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Durham University

Postgraduate Module Handbook 2021/2022

Archive Module Description

This page is for the academic year 2021-22. The current handbook year is 2022-23

Department: Sociology

SOCI43715: Participatory Action Research

Type Open Level 4 Credits 15 Availability Available in 2021/22

Prerequisites

  • None.

Corequisites

  • None.

Excluded Combination of Modules

  • None.

Aims

  • To enable students to develop understanding and skills in the theory and practice of participatory action research (PAR).

Content

  • The module will cover history and origins, key values, ethical/political issues, theorising and critiquing PAR, working with partner organisations to influence change, and participatory approaches to research design, process, analysis, dissemination and implementation. The module itself will be participatory, using small co-inquiry groups to focus on specific questions and evaluate learning. Topics covered will include:
  • History and development of PAR, including links with action research and other emancipatory approaches;
  • Theories of participation, social change and community development;
  • The participatory paradigm - values, principles, approaches;
  • Feminist, critical, anti-colonial stances;
  • Advantages and limitations of PAR, especially for students;
  • Ethical and political issues in the PAR process;
  • Practical issues - developing trust and partnerships;
  • Perspectives of community organisations on Community-University research partnerships;
  • Examples of methods e.g. co-inquiry & dialogical methods, river of life, photovoice, digital story-telling, participatory statistics, participatory theatre, etc.;
  • Participatory analysis and interpretation of data; co-creating/authoring findings;
  • Creating and evidencing impact together e.g. the nature of social action, methods for change;
  • Settings and themes: some case studies, e.g. PAR in international development contexts, PAR with young people, women, people with learning disabilities, older people, faith communities, sport groups, policy-makers, virtual communities.

Learning Outcomes

Subject-specific Knowledge:
  • Upon successful completion of this module, students will have demonstrated:
  • Knowledge of the history, development and principles of PAR as a research paradigm.
  • Critical understanding of the concept and theories of participation and varieties of participatory research.
  • Critical understanding of the concept and theories of social action and its link with participatory research.
  • Critical understanding of the uses, advantages and limitations of PAR compared with other approaches to research.
  • Knowledge and awareness of ethical and political challenges in PAR, particularly the use of power in community-university partnership working, and strategies for handling these.
  • Knowledge of a range of methods suitable for use in PAR.
  • Understanding of the impacts that PAR may have, and processes for creating and capturing these.
Subject-specific Skills:
  • Upon successful completion of this module, students will have demonstrated:
  • Ability to draw up an ethical framework for conducting a PAR project.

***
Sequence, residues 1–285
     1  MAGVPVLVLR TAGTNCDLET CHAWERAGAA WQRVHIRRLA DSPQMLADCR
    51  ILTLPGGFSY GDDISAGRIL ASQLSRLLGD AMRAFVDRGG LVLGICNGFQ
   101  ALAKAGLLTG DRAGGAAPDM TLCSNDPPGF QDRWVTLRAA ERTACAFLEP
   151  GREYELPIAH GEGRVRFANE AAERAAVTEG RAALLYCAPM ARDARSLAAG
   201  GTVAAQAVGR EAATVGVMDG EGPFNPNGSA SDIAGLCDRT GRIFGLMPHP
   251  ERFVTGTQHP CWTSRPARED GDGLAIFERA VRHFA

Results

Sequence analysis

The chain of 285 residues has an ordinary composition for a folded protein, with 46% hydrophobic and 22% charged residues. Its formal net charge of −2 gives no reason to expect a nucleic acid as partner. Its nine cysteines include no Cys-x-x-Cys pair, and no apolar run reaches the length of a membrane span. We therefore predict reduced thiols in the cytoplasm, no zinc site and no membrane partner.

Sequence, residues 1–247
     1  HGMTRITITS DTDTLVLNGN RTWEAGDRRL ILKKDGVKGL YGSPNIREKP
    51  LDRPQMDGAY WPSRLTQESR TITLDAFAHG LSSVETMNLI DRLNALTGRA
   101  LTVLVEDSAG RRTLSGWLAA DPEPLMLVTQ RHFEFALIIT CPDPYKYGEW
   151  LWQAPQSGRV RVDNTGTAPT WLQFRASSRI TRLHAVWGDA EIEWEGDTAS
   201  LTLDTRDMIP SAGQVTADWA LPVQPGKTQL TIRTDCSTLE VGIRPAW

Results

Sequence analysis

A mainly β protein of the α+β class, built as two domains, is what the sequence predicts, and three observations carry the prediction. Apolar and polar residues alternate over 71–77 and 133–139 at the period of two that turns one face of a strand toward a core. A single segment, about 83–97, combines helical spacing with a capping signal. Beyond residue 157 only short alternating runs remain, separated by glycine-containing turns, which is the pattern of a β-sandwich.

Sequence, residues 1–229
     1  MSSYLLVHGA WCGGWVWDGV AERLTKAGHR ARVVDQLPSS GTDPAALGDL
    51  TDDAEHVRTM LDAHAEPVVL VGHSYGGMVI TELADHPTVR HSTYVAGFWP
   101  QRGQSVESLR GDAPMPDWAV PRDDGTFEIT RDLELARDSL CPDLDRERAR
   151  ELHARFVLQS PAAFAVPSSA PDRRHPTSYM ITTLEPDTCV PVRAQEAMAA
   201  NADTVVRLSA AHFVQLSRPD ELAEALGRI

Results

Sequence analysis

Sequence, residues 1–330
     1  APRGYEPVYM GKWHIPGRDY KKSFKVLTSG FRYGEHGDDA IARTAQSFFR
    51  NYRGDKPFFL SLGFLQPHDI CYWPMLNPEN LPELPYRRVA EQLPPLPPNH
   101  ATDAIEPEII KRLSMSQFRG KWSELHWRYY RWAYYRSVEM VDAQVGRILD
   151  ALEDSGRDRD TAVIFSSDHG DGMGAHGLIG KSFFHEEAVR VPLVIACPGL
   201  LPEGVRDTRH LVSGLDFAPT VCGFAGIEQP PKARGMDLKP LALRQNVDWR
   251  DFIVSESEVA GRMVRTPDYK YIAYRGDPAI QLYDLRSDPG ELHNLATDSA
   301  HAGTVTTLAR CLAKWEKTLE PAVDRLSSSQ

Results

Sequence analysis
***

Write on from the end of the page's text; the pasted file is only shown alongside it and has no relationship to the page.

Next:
• Ability to work in a group to co-design a PAR project.
  • Ability to use a selection of participatory methods for data collection and analysis.
  • Ability to identify and reflect on ethical issues in PAR.
  • Ability to reflect on own role in a group, and how power is deployed and roles assigned.
Key Skills:
  • Upon successful completion of this module, students will have demonstrated:
  • Ability to work in a group.
  • Ability to facilitate participation in group settings.
  • Ability to plan, design and make agreements in relation to collaborative projects.

Modes of Teaching, Learning and Assessment and how these contribute to the learning outcomes of the module

  • Summative assessment: One written assignment of 3000 words. The essay encourages students to learn about the nature of PAR, to engage with critiques and approaches in the literature and to apply theory to practice.
  • Formative Assessment: Group presentations of a hypothetical PAR design, with group feedback on content and presentation.
  • Teaching methods (Lectures/Seminars Workshops etc) - Short lectures/presentations, group exercises and discussions, co-inquiry groups.
  • Contact Hours: 20.
  • Lectures offer an overview of key issues and debates, drawing on relevant literature, and helping to develop theoretical understanding and knowledge.
  • Work in co-inquiry group, use of group exercises and the formative assignment contribute to the learning outcomes by giving students experience of group work, co-designing a participatory research project, giving the opportunity to reflect on their own contributions, use of power, ethical issues and giving and receiving feedback.

Teaching Methods and Learning Hours

Activity Number Frequency Duration Total/Hours
Workshop including lectures, co-inquiry group work, group exercises 5 5 mornings in a week-long period 4 hours 20
Preparation and Reading 130
Total 150

Summative Assessment

Component: Assessment Component Weighting: 100%
Element Length / duration Element Weighting Resit Opportunity
Written assignment 3000 words 100%

Formative Assessment:

Group presentations of a hypothetical PAR design.


Attendance at all activities marked with this symbol will be monitored. Students who fail to attend these activities, or to complete the summative or formative assessment specified above, will be subject to the procedures defined in the University's General Regulation V, and may be required to leave the University